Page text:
also provide innumerable opportunities to teach valuable life lessons and can
be a powerful influence in addressing myriad social issues. And eliminating
homophobia can be one of them.
aggressive posturing and repudiation of LGBTQ people with gay slurs allows
homophobic athletes to feel safe in the locker room by maintaining the myth
that all the guys gathered on their team are heterosexual, and sexual
attraction among them just does not exist.
allows men like Escobar to enjoy the homo-social setting of the male locker
room that creates male-bonding - and the physical and emotional intimacy that
goes on among them displayed as slaps on the buttocks, hugging, and kissing on
the cheeks in a homoerotic context - while such behavior outside of the locker
would easily be labeled as gay.
in professional male sports cultures unabashedly denigrates and goes
after lesbian, gay, bisexual, transgender and queer (LGBTQ) people
In his book, Man in the Middle, John Amaechi, former NBAer who came out in 2007 after retirement, states, “The
NBA locker room was the most flamboyant place I’ve ever been. Guys flaunted
their perfect bodies. They bragged about sexual exploits. They primped in front
of the mirror, applying cologne and hair gel by the bucketful. They tried on
each other’s $10,000 suits, admired each other’s rings and necklaces. It was an
intense camaraderie that felt completely natural to them.”
society awards celebrity status to professional athletes and their popularity
has reached unprecedented levels; their influences go far beyond the court and
So, do these
athletes, like Escobar, who is from a different sports culture, have a
responsibility to American fans?
addressed through sports when Jackie Robinson became the first black Major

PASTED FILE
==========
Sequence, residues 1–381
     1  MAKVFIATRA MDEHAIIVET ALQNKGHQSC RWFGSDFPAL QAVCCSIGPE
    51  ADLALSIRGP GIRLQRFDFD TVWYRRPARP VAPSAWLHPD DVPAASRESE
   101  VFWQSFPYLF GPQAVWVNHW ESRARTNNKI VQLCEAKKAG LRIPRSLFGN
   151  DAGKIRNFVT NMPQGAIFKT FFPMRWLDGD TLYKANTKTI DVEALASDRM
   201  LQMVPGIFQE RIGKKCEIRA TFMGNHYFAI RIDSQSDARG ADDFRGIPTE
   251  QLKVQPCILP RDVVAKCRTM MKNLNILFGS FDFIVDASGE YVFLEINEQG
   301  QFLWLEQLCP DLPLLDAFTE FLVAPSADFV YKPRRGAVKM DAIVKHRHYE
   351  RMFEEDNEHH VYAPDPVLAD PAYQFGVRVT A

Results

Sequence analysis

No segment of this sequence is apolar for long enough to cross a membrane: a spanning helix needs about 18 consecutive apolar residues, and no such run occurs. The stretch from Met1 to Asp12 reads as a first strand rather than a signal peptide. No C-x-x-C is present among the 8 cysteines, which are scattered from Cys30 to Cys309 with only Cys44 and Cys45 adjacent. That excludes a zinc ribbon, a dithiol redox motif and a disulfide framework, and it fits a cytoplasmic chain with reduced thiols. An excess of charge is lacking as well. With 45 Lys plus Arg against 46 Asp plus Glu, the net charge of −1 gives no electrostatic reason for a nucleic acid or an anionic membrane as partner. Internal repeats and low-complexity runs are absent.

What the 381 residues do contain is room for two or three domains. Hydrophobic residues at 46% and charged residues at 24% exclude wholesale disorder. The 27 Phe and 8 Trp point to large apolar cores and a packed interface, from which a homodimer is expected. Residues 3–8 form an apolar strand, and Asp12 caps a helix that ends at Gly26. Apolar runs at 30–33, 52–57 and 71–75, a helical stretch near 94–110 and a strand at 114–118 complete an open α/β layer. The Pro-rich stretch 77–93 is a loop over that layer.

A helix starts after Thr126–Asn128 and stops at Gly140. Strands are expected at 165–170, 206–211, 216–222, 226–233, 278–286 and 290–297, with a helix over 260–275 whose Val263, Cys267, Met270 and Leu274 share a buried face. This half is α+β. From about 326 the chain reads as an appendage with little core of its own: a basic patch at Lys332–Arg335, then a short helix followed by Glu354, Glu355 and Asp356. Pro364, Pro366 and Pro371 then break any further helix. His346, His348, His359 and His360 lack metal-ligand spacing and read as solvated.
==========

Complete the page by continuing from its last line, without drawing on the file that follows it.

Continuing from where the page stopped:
League Baseball player in 1947, and in 2007s landmark
Super Bowl with its two African American coaches. And so, too, homophobia can
be addressed through sports.
vitriol, sadly, hurts more than just his team and career endorsements. It hurts
the hundreds of young LGBTQ sports enthusiasts and athletes around the world
who revere him.
Board member and Columnist, the Rev. Irene Monroe, is a religion columnist,
theologian, and public speaker. She is the Coordinator of the
African-American Roundtable of the Center for Lesbian
and Gay Studies in Religion and Ministry (CLGS) at the Pacific School of
Religion. A native of Brooklyn, Rev. Monroe is a
graduate from Wellesley College and Union Theological Seminary at Columbia
University, and served as a pastor at an African-American church before coming
to Harvard Divinity School for her doctorate as a Ford Fellow. She was recently
named to MSNBC’s list of 10
Black Women You Should Know. Reverend Monroe is the author of Let
Your Light Shine Like a Rainbow Always: Meditations on Bible Prayers for Not’So’Everyday Moments. As an African-American feminist theologian, she speaks
for a sector of society that is frequently invisible. Her website is irenemonroe.com. Click here to contact the Rev.